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capture

[kap-cher] /ˈkæp tʃər/
verb (used with object), captured, capturing.
1.
to take by force or stratagem; take prisoner; seize:
The police captured the burglar.
2.
to gain control of or exert influence over:
an ad that captured our attention; a TV show that captured 30% of the prime-time audience.
3.
to take possession of, as in a game or contest:
to capture a pawn in chess.
4.
to represent or record in lasting form:
The movie succeeded in capturing the atmosphere of Berlin in the 1930s.
5.
Computers.
  1. to enter (data) into a computer for processing or storage.
  2. to record (data) in preparation for such entry.
noun
6.
the act of capturing.
7.
the thing or person captured.
8.
Physics. the process in which an atomic or nuclear system acquires an additional particle.
9.
Crystallography. substitution in a crystal lattice of a trace element for an element of lower valence.
Origin of capture
1535-1545
1535-45; < Middle French < Latin captūra, equivalent to capt(us) taken (past participle of capere to take) + -ūra -ure
Related forms
capturable, adjective
capturer, noun
precapture, adjective, verb (used with object), precaptured, precapturing.
uncapturable, adjective
uncaptured, adjective
Synonyms
1. catch, arrest, snare, apprehend, grab, nab. 6. seizure, arrest, apprehension.
Antonyms
1, 6. release.
Dictionary.com Unabridged
Based on the Random House Dictionary, © Random House, Inc. 2015.
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Examples from the Web for capturer
Historical Examples
  • The delay did not tend to soothe his capturer; and he administered a slight shake.

    Verner's Pride Mrs. Henry Wood
  • Search a patriot, a capturer of the tyrants' den, a man who has been exterminating aristocrats?

    The Countess of Charny Alexandre Dumas (pere)
  • In the Welsh legends the maid consents to wed her capturer, and remain with him until he strikes her with iron.

    Welsh Folk-Lore Elias Owen
  • All wise schools have agreed that this latter capture depends to some extent on the faith of the capturer.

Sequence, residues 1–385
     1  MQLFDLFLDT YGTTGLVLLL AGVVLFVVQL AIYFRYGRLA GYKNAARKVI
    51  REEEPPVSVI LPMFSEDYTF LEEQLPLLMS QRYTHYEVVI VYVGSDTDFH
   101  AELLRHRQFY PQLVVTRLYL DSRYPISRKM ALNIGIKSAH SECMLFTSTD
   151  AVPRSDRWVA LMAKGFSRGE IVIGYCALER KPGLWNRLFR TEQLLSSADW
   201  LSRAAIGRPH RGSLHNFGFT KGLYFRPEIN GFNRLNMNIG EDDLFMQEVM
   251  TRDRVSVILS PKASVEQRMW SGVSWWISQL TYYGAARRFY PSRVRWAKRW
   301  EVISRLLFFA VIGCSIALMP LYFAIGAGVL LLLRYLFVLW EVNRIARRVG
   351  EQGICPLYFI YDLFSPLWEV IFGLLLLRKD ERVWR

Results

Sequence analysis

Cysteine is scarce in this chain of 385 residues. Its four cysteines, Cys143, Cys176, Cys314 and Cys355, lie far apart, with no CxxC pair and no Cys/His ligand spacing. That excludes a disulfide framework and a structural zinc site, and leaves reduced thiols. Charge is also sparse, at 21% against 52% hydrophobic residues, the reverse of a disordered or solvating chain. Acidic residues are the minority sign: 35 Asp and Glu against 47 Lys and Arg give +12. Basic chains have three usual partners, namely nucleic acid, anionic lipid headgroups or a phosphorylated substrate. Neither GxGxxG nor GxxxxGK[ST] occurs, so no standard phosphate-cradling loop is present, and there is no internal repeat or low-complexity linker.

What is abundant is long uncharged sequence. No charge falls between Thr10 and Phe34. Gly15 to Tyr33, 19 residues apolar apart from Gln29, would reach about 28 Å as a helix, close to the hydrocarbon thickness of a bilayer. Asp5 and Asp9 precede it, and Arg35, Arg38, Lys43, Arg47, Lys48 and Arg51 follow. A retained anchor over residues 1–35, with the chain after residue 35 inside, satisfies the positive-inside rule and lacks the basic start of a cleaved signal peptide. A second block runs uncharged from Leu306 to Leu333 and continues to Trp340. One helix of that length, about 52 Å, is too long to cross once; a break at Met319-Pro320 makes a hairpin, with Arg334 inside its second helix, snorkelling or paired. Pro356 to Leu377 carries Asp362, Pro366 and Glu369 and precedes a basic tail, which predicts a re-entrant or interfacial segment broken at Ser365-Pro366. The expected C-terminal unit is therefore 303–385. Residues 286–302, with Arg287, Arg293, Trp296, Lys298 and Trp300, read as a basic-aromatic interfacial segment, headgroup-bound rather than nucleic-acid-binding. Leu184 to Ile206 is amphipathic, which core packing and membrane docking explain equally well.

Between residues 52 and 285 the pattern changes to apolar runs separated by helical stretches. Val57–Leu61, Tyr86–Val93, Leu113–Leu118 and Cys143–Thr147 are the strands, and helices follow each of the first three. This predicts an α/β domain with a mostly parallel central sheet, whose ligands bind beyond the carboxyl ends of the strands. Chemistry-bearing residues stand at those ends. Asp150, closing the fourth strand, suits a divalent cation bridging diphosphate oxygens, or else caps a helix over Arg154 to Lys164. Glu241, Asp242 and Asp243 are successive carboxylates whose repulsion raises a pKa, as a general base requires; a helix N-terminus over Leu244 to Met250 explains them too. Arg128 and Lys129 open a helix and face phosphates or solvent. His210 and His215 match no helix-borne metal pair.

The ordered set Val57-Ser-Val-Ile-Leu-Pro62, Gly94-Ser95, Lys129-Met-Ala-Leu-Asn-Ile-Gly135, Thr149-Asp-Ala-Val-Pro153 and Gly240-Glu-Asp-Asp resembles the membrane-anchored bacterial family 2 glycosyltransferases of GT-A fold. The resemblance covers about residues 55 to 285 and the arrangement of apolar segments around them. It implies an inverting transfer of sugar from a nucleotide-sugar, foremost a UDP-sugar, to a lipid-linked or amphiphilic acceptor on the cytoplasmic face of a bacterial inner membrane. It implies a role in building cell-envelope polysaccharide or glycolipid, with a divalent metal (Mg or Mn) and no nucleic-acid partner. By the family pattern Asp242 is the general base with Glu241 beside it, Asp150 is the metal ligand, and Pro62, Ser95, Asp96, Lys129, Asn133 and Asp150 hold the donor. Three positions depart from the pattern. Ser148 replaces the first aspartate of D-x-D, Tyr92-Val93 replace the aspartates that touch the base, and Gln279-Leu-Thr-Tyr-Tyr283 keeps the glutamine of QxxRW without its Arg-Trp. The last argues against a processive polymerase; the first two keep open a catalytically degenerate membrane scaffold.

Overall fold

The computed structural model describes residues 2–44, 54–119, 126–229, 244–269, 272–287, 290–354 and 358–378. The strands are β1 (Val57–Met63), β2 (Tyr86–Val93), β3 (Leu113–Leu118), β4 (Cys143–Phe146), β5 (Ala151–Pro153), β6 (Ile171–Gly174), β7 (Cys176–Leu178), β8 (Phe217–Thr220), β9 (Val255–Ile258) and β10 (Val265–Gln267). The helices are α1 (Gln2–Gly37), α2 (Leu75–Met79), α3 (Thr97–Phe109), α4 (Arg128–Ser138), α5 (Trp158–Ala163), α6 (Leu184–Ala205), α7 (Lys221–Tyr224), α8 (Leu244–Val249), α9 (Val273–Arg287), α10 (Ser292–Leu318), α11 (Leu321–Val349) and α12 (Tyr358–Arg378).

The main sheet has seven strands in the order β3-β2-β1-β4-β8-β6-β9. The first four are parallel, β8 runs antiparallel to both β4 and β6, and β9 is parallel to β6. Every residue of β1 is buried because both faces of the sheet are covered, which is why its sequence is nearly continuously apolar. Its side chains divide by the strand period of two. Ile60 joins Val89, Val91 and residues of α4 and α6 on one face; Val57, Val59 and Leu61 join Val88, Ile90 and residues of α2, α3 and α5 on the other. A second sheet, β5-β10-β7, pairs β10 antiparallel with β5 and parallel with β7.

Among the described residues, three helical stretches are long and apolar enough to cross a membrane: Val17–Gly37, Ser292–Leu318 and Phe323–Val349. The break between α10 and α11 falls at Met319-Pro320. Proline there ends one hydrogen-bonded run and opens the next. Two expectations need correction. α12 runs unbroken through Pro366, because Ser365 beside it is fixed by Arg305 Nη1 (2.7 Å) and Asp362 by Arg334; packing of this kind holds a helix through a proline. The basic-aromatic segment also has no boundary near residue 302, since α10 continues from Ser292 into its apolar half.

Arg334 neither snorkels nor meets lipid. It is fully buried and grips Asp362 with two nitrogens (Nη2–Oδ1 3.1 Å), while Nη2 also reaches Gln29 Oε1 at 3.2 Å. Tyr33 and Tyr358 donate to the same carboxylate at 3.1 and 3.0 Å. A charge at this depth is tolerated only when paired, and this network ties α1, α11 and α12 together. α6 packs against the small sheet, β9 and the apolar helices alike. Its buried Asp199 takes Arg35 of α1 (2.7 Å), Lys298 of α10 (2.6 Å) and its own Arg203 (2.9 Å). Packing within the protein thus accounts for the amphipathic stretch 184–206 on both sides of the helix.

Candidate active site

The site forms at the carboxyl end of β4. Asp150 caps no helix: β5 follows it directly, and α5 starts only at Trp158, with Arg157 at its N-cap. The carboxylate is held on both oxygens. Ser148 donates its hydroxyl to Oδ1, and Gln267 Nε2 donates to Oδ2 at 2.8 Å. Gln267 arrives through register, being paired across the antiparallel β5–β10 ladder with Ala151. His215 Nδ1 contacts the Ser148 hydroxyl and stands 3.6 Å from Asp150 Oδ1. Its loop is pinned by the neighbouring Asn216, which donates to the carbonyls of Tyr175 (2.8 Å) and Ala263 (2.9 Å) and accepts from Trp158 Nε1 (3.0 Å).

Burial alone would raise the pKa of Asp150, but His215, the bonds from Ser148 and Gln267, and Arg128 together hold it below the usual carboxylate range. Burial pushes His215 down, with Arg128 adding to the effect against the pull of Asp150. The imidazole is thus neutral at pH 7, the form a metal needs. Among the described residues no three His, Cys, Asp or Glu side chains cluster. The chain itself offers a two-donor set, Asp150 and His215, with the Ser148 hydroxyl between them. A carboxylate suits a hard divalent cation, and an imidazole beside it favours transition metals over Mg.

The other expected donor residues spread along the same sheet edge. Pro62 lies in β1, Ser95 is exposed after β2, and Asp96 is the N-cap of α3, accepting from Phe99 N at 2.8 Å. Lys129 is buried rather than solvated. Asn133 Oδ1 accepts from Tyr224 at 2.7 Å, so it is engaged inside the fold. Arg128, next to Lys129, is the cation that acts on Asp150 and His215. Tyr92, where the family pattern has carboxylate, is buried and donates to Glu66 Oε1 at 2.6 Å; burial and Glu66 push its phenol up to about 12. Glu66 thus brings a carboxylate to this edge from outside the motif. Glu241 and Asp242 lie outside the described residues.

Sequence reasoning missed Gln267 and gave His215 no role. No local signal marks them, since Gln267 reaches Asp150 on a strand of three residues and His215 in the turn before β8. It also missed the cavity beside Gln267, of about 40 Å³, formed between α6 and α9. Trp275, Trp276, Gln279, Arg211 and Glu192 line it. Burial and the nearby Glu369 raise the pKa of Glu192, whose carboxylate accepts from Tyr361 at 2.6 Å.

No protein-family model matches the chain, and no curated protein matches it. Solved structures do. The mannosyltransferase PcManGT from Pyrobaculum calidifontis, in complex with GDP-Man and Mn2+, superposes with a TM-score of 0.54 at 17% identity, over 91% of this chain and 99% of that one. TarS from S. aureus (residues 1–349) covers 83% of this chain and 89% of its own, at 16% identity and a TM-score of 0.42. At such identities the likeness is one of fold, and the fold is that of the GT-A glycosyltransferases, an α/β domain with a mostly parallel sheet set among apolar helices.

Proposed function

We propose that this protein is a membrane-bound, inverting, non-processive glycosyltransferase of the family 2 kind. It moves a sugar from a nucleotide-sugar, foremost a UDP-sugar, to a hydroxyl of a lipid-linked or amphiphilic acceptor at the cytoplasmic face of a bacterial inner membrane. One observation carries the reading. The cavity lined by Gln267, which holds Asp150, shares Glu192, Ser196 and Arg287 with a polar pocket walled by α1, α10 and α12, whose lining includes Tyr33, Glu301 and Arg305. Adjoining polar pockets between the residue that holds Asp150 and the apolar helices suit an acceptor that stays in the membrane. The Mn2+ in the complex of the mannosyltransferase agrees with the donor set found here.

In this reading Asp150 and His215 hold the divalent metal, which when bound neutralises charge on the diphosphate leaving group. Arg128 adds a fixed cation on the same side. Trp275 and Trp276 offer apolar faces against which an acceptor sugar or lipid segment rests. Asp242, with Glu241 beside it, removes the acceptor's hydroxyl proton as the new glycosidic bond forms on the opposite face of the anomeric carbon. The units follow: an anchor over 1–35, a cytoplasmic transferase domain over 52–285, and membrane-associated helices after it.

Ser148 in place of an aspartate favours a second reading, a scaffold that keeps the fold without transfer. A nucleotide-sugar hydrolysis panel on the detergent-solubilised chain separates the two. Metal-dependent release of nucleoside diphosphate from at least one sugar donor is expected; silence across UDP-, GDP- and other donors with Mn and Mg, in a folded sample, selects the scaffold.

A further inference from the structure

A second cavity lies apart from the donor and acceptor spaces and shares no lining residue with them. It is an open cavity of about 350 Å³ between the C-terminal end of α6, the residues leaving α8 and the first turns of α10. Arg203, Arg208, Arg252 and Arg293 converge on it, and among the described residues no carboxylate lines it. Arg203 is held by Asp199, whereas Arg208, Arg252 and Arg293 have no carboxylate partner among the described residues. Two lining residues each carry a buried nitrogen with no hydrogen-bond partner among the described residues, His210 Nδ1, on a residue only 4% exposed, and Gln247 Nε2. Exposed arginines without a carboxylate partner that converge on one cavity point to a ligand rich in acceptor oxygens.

All Things Considered G. K. Chesterton
  • She feared that her capturer might take a fancy for roast fowl if he should see them.

  • My capturer was a boy, and as remarkable a specimen of a boy as it has ever been my lot to meet during the whole of my career.

  • Quivering as though inspired by a holy breath, the future capturer of the Serapis likewise retired.

    Balsamo, The Magician Alexander Dumas
British Dictionary definitions for capturer

capture

/ˈkæptʃə/
verb (transitive)
1.
to take prisoner or gain control over: to capture an enemy, to capture a town
2.
(in a game or contest) to win control or possession of: to capture a pawn in chess
3.
to succeed in representing or describing (something elusive): the artist captured her likeness
4.
(physics) (of an atom, molecule, ion, or nucleus) to acquire (an additional particle)
5.
to insert or transfer (data) into a computer
noun
6.
the act of taking by force; seizure
7.
the person or thing captured; booty
8.
(physics) a process by which an atom, molecule, ion, or nucleus acquires an additional particle
9.
(geography) Also called piracy. the process by which the headwaters of one river are diverted into another through erosion caused by the second river's tributaries
10.
the act or process of inserting or transferring data into a computer
Derived Forms
capturer, noun
Word Origin
C16: from Latin captūra a catching, that which is caught, from capere to take
Collins English Dictionary - Complete & Unabridged 2012 Digital Edition
© William Collins Sons & Co. Ltd. 1979, 1986 © HarperCollins
Publishers 1998, 2000, 2003, 2005, 2006, 2007, 2009, 2012
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Word Origin and History for capturer

capture

n.

1540s, from Middle French capture "a taking," from Latin captura "a taking" (especially of animals), from captus (see captive).

v.

1795, from capture (n.); in chess, checkers, etc., 1820. Related: Captured; capturing. Earlier verb in this sense was captive (early 15c.).

Online Etymology Dictionary, © 2010 Douglas Harper
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capturer in Medicine

capture cap·ture (kāp'chər)
n.
The act of catching, taking, or holding a particle or impulse.

The American Heritage® Stedman's Medical Dictionary
Copyright © 2002, 2001, 1995 by Houghton Mifflin Company. Published by Houghton Mifflin Company.
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12
15
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